With the above setup, you should be able to compile and import both simple and numpy-specific cython source code. A detailed description on some techniques to increase the speed of cython code is provided at the link at the top of the page. The basic lesson is that you can improve speed by providing c-like data types for variables used within a function and by making your loops as c-like as possible without using python-specific (or numpy-specific) calls within the loops. An example is provided below, where we generate a large 2D array filled with random integers from 0 to N and then simply count the number of times each integer appears in the array. While this example is a bit silly, the operation of looping through 2D arrays occurs frequently when processing astronomical images and very simple cython code can be much faster at doing this than even using clever boolean operations with python, which is already reasonably fast.

To start, setup your matrix filled with random numbers:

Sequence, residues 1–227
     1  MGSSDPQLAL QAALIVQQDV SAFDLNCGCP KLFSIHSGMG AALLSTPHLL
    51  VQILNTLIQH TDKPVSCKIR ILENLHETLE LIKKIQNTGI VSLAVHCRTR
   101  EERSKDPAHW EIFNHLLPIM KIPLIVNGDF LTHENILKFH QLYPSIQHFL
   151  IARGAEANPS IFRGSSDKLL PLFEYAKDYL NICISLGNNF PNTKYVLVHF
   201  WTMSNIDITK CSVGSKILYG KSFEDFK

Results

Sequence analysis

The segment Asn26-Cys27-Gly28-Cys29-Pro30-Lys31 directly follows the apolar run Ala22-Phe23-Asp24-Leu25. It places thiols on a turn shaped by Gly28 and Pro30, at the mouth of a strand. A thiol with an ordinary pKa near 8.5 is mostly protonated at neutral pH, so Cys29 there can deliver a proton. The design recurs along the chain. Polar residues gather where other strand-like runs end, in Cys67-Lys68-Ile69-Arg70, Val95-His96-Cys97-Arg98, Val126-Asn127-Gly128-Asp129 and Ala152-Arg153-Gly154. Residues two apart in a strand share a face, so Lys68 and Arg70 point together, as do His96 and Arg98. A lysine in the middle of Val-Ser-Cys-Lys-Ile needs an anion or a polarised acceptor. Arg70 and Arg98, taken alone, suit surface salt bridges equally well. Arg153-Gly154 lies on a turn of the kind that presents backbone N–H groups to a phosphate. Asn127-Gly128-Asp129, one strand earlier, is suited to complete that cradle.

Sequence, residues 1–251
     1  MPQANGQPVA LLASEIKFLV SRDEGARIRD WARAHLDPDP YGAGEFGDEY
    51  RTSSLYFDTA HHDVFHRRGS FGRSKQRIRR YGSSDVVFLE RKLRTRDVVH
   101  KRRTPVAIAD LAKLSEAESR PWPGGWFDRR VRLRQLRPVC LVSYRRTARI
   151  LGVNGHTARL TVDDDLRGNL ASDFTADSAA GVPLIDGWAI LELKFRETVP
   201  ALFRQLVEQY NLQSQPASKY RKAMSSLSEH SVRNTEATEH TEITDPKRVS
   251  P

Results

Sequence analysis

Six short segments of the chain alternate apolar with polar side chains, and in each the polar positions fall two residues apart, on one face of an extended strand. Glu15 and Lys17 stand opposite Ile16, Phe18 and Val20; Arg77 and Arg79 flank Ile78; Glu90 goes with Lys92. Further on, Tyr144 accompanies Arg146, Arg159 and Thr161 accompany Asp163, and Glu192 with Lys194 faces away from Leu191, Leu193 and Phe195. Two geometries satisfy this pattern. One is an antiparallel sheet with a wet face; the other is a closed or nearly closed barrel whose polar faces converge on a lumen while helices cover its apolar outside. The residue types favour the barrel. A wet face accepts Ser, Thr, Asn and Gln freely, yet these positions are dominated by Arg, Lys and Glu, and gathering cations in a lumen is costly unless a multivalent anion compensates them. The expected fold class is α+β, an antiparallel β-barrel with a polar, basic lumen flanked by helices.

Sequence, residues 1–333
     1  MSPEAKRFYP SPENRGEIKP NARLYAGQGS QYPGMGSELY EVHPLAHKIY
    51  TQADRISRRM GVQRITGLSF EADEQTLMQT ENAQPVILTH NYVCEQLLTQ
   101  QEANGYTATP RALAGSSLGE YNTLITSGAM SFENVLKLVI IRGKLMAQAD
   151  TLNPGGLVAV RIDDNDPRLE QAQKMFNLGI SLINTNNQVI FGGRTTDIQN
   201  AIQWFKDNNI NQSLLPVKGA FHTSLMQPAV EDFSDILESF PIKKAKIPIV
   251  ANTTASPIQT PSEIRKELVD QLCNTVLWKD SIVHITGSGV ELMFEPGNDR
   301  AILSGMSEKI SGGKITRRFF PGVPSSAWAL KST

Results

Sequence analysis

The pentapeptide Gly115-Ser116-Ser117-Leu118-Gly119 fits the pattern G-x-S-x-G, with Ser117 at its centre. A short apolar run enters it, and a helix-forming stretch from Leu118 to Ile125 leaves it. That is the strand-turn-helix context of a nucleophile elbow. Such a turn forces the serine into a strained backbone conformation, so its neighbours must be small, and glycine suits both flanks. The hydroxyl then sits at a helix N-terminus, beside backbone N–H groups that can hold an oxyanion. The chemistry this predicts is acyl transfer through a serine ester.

import numpy as np
NX, NY = 1000, 1000
N = 10
rand = np.cast[np.int32](np.random.random(size=(NY, NX))*N)

Since the random distribution is uniform from 0-9, there should be (NX*NY)/N instances of each number in the full array. To check this, here is simple python code where you loop through the test integers and sum the boolean array (rand == i), which is interpreted as zero where false and one where true:

def sum_boolean(rand, N):
    sums = np.arange(N)
    for i in range(N):
        sums[i] = np.sum(rand == i)
    return sums

print sum_boolean(rand, N)
[100420  99438 100235 100205 100245  99812 100321  99729  99897  99698]

You could make the code more “c-like” by actually looping through the indices of the 2D-matrix. This is normally a very bad idea in Python (or IDL for that matter):

def sum_clike(rand, N):
    sums = np.zeros(N, dtype=np.int32)
    NY, NX = np.shape(rand)
    for i in range(NX):
        for j in range(NY):
            ival = rand[j,i]
            sums[ival] += 1
    return sums

print sum_clike(rand, N)
[100420  99438 100235 100205 100245  99812 100321  99729  99897  99698]

You could put the `sum_clike` function directly in a cython pyx file and compile it as above, but you’ll notice that it takes about the same time to run as the version compiled directly in Python. To really see the speedup, you need to use the c type definitions with “cdef” within the cython file (mytest.pyx):

import numpy as np
cimport numpy as np
INT32 = np.int32
ctypedef np.int32_t INT32_t

def sum_cython(np.ndarray[INT32_t, ndim=2] rand, unsigned int N):
    cdef np.ndarray[INT32_t, ndim=1] sums 
    cdef unsigned int NX, NY, i, j, ival